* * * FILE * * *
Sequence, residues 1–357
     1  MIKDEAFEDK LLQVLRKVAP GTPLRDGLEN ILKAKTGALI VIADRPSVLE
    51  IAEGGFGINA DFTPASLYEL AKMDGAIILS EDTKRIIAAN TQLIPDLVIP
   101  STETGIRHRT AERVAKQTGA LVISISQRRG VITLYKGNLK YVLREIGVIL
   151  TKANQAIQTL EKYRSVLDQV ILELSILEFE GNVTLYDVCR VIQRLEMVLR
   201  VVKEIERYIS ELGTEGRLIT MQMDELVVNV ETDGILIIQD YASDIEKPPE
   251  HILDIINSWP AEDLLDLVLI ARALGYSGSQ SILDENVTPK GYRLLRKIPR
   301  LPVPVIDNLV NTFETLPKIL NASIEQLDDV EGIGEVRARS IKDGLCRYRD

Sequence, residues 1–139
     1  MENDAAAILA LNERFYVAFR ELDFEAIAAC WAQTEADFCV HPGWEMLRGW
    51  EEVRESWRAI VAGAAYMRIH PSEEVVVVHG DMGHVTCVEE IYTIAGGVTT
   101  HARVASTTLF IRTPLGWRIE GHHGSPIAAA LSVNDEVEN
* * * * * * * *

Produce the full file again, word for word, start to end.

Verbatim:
Sequence, residues 1–357
     1  MIKDEAFEDK LLQVLRKVAP GTPLRDGLEN ILKAKTGALI VIADRPSVLE
    51  IAEGGFGINA DFTPASLYEL AKMDGAIILS EDTKRIIAAN TQLIPDLVIP
   101  STETGIRHRT AERVAKQTGA LVISISQRRG VITLYKGNLK YVLREIGVIL
   151  TKANQAIQTL EKYRSVLDQV ILELSILEFE GNVTLYDVCR VIQRLEMVLR
   201  VVKEIERYIS ELGTEGRLIT MQMDELVVNV ETDGILIIQD YASDIEKPPE
   251  HILDIINSWP AEDLLDLVLI ARALGYSGSQ SILDENVTPK GYRLLRKIPR
   301  LPVPVIDNLV NTFETLPKIL NASIEQLDDV EGIGEVRARS IKDGLCRYRD

Sequence, residues 1–139
     1  MENDAAAILA LNERFYVAFR ELDFEAIAAC WAQTEADFCV HPGWEMLRGW
    51  EEVRESWRAI VAGAAYMRIH PSEEVVVVHG DMGHVTCVEE IYTIAGGVTT
   101  HARVASTTLF IRTPLGWRIE GHHGSPIAAA LSVNDEVEN